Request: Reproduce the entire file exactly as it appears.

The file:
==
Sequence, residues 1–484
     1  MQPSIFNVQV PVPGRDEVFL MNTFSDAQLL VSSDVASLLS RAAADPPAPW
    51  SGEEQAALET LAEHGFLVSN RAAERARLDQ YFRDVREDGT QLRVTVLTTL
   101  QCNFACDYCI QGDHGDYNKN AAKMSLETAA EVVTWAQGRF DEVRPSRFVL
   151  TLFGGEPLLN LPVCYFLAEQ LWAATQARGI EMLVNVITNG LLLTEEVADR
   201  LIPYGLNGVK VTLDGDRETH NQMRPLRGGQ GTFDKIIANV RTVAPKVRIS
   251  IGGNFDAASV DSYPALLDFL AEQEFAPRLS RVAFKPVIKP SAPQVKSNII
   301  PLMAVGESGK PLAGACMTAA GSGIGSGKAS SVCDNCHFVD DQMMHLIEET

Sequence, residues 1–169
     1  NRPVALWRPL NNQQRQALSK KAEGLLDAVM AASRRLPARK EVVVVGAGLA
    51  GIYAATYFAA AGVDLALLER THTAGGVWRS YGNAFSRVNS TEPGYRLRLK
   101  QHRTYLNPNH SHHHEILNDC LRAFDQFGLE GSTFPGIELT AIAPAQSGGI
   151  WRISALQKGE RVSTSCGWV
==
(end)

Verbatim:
Sequence, residues 1–484
     1  MQPSIFNVQV PVPGRDEVFL MNTFSDAQLL VSSDVASLLS RAAADPPAPW
    51  SGEEQAALET LAEHGFLVSN RAAERARLDQ YFRDVREDGT QLRVTVLTTL
   101  QCNFACDYCI QGDHGDYNKN AAKMSLETAA EVVTWAQGRF DEVRPSRFVL
   151  TLFGGEPLLN LPVCYFLAEQ LWAATQARGI EMLVNVITNG LLLTEEVADR
   201  LIPYGLNGVK VTLDGDRETH NQMRPLRGGQ GTFDKIIANV RTVAPKVRIS
   251  IGGNFDAASV DSYPALLDFL AEQEFAPRLS RVAFKPVIKP SAPQVKSNII
   301  PLMAVGESGK PLAGACMTAA GSGIGSGKAS SVCDNCHFVD DQMMHLIEET

Sequence, residues 1–169
     1  NRPVALWRPL NNQQRQALSK KAEGLLDAVM AASRRLPARK EVVVVGAGLA
    51  GIYAATYFAA AGVDLALLER THTAGGVWRS YGNAFSRVNS TEPGYRLRLK
   101  QHRTYLNPNH SHHHEILNDC LRAFDQFGLE GSTFPGIELT AIAPAQSGGI
   151  WRISALQKGE RVSTSCGWV